(A giant tree at Musgrove, the family estate of Smith Bagley and the Arca Foundation — photo credit: Steve Clemons)
In Dubai a day and a half ago, I was sitting on a bus next to well known Clinton family friend and adviser Lanny Davis who was chatting with me about the widest possible array of fascinating and simultaneously disturbing topics (about the political judgment of some others). The New Yorker‘s brilliant social and political guru Hendrik Hertzberg was there, as was former New York Times correspondent and Full Court Press blogger Charles Kaiser. Sitting in front of Lanny and me was former New York Times national security correspondent and Fox News commentator Judith Miller and just across the aisle, so to speak, was Marie Brenner of Vanity Fair.
They were there for the launch of a new annual meeting called the Dubai Forum, which was sponsored by “Brand Dubai” and focused this year on architecture and sustainability.
It was an odd bed fellow bus ride — in Dubai, which makes sense on a number of levels.
But then Lanny Davis’ face went ashen — and he leaned over to me and said, “Smith Bagley has just died.”
It was an odd, completely weird moment to hear such tragic news about the passing of one of America’s great political players and philanthropists. I was stunned. And Lanny Davis, who is not the most loved attorney in liberal circles, was clearly upset — but we were stuck on a bus with a wildly eclectic assortment of type A personalities. Lanny spoke to me a lot about his memories of Smith Bagley — and I shared my own encounters with this giant of human beings.
It’s hard to overstate the significance of Smith Bagley to liberal and progressive causes in America. The grandson and an heir of R.J. Reynolds, the tobacco tycoon, Bagley early on committed himself to advancing racial civil rights, promoting liberal Democratic Party candidates, promoting global human rights, ending the US-Cuba embargo, and helping to create a climate of sensible justice and fairness inside the United States that focused on helping those with little sustain themselves and promulgating policies that sought to reverse the erosion of the American middle class.
When Jimmy Carter was elected President of the United States in 1976, Bagley offered his family estate to Carter to assemble his likely cabinet and closest advisers before formally assuming office in January 1977. The home is full of pictures of that Carter clan retreat — and an important Norman Rockwell painting of Carter hangs on the second floor loft of one of the estate’s great rooms.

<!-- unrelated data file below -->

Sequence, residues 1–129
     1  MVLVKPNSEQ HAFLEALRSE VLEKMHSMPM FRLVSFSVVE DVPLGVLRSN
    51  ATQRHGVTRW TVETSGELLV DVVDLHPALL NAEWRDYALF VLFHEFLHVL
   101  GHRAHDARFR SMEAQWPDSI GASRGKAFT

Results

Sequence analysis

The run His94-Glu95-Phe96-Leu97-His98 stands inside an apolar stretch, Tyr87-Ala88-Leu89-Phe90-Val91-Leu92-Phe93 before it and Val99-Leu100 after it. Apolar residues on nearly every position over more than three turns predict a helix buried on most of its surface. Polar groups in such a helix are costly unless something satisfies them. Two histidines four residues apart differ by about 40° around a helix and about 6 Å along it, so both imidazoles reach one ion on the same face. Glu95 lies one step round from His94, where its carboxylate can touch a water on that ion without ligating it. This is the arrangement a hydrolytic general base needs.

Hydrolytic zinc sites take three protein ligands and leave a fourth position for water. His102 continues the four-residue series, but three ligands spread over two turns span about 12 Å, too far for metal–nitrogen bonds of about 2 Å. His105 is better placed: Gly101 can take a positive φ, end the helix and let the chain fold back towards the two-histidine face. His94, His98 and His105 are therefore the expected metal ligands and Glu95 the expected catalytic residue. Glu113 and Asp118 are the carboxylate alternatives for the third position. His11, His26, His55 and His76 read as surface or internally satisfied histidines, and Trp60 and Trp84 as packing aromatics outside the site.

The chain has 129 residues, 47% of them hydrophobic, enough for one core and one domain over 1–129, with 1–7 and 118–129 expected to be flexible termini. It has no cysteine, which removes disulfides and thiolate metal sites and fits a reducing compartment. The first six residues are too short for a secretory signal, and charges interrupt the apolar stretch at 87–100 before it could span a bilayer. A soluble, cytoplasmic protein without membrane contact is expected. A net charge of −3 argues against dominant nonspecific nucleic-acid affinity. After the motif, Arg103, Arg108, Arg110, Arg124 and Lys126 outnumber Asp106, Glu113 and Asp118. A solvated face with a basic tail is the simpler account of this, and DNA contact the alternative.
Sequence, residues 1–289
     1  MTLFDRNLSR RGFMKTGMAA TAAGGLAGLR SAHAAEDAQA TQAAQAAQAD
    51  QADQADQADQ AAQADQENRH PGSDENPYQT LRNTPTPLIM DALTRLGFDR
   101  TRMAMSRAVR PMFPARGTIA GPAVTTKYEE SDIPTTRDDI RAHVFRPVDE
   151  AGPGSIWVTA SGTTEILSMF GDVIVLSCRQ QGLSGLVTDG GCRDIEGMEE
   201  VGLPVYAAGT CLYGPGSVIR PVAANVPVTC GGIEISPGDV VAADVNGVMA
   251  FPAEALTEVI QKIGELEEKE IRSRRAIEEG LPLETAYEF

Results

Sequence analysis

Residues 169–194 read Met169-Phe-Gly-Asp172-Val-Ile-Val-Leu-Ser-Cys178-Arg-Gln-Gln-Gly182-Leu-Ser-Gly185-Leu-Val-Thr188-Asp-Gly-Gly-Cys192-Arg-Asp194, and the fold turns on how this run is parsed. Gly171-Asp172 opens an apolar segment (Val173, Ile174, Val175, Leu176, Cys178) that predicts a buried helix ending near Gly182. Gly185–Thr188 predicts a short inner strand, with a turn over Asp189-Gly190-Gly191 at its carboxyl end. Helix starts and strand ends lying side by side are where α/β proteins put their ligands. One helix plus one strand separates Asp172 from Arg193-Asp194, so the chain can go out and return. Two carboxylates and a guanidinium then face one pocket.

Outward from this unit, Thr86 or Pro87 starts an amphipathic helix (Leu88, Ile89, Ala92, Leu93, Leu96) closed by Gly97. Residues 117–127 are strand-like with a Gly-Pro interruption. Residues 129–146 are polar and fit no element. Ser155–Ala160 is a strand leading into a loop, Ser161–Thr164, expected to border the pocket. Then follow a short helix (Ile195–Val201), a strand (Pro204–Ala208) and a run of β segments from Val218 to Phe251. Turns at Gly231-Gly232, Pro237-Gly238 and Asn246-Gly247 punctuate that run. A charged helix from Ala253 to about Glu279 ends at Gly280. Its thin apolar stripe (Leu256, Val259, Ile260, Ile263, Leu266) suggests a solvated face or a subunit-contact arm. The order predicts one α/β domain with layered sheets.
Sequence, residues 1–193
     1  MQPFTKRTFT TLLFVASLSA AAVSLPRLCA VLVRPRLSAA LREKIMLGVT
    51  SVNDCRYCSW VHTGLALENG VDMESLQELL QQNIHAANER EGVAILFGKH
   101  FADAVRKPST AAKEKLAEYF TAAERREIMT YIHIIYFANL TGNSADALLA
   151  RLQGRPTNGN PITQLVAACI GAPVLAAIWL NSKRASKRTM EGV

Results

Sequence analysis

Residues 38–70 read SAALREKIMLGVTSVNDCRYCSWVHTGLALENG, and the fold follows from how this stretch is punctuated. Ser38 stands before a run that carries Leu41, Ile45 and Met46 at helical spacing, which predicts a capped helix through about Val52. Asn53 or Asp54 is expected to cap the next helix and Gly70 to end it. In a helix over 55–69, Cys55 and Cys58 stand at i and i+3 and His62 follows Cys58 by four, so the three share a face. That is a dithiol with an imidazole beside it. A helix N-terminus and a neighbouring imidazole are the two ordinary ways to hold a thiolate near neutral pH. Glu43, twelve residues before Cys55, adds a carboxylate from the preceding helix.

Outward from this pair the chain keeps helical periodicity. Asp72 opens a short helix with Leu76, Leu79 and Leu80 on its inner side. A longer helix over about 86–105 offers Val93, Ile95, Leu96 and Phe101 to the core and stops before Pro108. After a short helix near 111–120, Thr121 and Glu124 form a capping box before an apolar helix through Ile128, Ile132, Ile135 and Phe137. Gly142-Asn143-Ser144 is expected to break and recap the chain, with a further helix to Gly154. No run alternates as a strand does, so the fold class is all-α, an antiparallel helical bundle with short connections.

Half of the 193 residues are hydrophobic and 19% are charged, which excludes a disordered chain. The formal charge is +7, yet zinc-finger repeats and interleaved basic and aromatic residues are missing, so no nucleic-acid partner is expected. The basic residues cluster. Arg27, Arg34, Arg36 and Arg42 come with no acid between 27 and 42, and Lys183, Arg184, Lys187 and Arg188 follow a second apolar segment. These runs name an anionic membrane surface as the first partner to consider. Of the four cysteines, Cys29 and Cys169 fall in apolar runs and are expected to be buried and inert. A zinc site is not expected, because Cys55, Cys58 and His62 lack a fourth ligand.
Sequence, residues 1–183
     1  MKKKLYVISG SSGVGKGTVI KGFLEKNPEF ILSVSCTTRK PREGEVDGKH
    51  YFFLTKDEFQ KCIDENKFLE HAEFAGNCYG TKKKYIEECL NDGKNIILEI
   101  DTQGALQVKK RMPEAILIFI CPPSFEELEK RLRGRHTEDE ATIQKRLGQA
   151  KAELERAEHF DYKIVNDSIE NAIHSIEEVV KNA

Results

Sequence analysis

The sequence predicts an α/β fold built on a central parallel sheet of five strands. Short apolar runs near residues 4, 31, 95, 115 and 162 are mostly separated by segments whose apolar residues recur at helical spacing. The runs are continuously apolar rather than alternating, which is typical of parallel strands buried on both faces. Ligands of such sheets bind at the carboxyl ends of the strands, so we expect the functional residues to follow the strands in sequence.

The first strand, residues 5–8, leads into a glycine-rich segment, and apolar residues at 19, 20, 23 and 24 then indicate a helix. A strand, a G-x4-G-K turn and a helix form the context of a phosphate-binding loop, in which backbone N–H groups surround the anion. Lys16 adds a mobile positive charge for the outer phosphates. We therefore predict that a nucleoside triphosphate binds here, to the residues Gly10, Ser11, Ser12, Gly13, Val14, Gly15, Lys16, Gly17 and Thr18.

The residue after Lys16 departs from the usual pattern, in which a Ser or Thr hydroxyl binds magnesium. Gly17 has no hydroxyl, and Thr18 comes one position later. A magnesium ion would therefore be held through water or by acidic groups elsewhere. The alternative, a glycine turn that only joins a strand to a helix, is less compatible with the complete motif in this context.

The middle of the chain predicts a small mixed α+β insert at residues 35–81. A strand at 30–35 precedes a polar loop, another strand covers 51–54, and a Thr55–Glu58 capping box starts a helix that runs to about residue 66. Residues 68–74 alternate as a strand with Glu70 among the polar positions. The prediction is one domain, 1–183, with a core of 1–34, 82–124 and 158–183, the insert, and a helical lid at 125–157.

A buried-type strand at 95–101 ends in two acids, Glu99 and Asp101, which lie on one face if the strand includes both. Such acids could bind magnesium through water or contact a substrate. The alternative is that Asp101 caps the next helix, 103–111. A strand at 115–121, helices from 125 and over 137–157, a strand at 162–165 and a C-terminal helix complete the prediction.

I first met Smith Bagley at a private home some years ago when Hillary Clinton was running for the Senate. He was dressed in jeans and a pretty ratty sweater and was just completely unpretentious on the surface.
I didn’t know who he was — but he had views, strong ones, which he would occasionally whisper to me, while we sat together, on the hearth of a big fireplace as I recall. He seemed completely unaffected by the power players in the room; he seemed like a big time farmer or lumberjack — very down to earth, but deeply irritated by the Bush administration’s course and by the “lack of humanity” in politicians on the right, and the left.
Bagley headed the Arca Foundation, which has been a major funder of progressive causes around the country — supporting both sophisticated policy development and advocacy work within the DC policy community as well as enlightened grass roots organization and outreach activities. Last year, I had the great privilege of speaking at the annual board meeting of the Arca Foundation at the Musgrove Estate in Georgia, which was part of the massive land holdings of the R.J. Reynolds estate.
Smith and two of his daughters, Nicole and Nancy, were there — and you could feel palpably their collective commitment to smart progressive philanthropy inspired by the old world, giant oak surroundings of Musgrove. Some of the work of my organization has been supported by Arca, but my views about Smith Bagley and his family are independent of that support.
Lanny Davis sent a very warm email immediately to Elizabeth Bagley, who is a former US Ambassador to Portugal and now is now the State Department’s first Special Representative for Global Partnerships, and I only wish I could have as well.
Bagley had been felled in recent years by a stroke — but the Smith Bagley I saw as recently as the Clinton Global Initiative gala dinner a few months ago still had a fiery furnace of political views and ambition.
Frankly, his money and his advocacy of fairness and civil rights helped push political and policy needles, and like the great, massive, history-laden trees at his old family estate of Musgrove, Smith Bagley will be impossible to replace in the pantheon of contemporary progressive political leaders and funders.
He will be greatly missed by progressive policy practitioners like myself — and condolences to his family and to the board and staff of the Arca Foundation.
— Steve Clemons